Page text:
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A 2015 study by the National Institutes of Mental Health dove into the previously murky waters of children’s antipsychotic use, and the findings are interesting: Boys are being prescribed antipsychotics much more often than girls are.
In the children up to 12 years old, boys are almost three times more likely than girls to be taking antipsychotics.
The study doesn’t go into what’s driving those numbers, but I’d like to share one observation. In my years treating people with mental illness, I’ve found that symptoms are much more physical for males than for females.
Where females tend to internalize their stress, resulting in symptoms like lack of motivation, loneliness, or depression, males tend to externalize it. The males are more aggressive, irritable, and reactionary — symptoms that some practitioners treat with antipsychotics.
Researchers also found that general practitioners are frequently the ones doing the prescribing. For children ages 1-6, 43 percent of antipsychotic prescriptions came from non-psychiatrists. Psychiatric participation increased in older age groups.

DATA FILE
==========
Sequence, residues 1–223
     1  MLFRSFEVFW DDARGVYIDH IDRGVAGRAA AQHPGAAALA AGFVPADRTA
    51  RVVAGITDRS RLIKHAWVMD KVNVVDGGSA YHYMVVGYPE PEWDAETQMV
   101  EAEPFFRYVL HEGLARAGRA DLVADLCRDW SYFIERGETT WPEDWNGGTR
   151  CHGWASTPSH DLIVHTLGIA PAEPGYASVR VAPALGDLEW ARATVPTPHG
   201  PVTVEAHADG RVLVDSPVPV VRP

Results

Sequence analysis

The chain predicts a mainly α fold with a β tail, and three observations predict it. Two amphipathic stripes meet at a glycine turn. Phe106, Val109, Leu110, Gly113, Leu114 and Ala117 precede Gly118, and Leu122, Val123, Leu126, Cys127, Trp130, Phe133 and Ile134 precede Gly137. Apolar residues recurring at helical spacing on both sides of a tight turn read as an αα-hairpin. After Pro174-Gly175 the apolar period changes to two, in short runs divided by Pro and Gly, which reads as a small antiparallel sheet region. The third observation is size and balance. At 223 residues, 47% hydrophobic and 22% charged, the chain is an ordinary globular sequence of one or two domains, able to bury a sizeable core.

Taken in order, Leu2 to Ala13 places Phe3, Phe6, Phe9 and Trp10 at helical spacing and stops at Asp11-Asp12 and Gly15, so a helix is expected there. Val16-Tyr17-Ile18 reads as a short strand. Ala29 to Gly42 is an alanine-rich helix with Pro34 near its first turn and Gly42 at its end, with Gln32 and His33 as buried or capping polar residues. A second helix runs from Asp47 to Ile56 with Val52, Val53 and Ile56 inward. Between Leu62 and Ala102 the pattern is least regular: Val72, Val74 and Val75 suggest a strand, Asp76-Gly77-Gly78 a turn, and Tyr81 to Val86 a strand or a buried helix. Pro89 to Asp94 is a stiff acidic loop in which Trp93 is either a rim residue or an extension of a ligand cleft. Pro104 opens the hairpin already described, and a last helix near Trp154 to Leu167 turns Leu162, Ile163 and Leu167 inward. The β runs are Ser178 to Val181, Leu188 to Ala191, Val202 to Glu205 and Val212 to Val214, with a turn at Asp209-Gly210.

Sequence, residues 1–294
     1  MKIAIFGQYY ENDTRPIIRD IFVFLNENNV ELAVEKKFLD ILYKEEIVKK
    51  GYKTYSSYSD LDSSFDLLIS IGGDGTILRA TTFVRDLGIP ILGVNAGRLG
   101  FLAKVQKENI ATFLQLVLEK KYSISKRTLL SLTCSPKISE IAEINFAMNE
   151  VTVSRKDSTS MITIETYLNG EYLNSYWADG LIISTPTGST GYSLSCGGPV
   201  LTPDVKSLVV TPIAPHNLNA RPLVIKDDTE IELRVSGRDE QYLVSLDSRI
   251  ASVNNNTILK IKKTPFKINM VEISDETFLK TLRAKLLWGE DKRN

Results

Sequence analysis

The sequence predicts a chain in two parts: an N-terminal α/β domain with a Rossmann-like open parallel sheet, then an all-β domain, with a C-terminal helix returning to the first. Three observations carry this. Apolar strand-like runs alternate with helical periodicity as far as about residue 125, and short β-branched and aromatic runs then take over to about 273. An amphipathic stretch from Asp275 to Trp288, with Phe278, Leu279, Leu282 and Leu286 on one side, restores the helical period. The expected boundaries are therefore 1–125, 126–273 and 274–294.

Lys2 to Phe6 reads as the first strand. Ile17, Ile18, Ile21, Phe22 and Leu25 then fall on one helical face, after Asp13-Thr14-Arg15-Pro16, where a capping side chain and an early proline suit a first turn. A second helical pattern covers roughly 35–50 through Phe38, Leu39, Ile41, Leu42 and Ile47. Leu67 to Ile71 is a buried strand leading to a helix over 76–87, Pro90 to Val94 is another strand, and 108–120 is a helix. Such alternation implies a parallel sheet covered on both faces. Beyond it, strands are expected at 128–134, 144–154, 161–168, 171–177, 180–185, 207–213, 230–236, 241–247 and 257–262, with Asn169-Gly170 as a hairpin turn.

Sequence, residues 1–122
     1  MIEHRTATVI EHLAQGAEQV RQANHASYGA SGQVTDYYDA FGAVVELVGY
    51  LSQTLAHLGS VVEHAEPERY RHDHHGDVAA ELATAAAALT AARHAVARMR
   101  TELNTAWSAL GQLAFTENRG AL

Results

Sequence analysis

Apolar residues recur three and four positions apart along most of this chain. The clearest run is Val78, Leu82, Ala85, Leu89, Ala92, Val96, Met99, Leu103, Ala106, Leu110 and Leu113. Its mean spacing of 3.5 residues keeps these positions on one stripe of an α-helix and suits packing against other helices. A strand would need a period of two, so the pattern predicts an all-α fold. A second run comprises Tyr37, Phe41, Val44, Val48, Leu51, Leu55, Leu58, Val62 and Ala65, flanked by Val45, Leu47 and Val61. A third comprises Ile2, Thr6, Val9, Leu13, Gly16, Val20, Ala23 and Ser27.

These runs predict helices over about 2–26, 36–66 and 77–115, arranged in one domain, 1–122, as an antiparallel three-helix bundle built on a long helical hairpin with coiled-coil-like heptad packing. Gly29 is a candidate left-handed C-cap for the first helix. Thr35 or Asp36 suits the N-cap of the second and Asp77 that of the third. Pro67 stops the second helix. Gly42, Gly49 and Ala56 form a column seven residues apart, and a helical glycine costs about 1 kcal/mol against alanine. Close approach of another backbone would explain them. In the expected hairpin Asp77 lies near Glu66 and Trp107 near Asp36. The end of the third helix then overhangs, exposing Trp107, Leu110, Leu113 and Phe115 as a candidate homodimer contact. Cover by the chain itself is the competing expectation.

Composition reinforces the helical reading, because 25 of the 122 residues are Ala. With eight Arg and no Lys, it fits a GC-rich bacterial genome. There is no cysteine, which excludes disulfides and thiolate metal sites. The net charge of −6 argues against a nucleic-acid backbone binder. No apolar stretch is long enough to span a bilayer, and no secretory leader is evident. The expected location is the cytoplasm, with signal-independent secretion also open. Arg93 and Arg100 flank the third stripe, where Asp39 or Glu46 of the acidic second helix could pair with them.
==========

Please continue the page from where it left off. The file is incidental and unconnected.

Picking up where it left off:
At any age it’s important to approach antipsychotics carefully, but we should use particular caution when we’re dealing with young children. Antipsychotics impact both physical and neurological function, and effects can linger after use stops. It’s important to involve a specialist who understands these implications when contemplating such a route.
I tend to prescribe antipsychotics as a last resort. I find getting both children and parents in therapy and stressing the basics (sleep routines, daily schedules, healthy eating, and exercise) can help with all kinds of mental illness in children. Specialty therapies like art and play or animal therapy have also proven effective for children.
In general, there are many strategies and medications practitioners can use before leaping to antipsychotics.
For more information on the NIMH study, go here.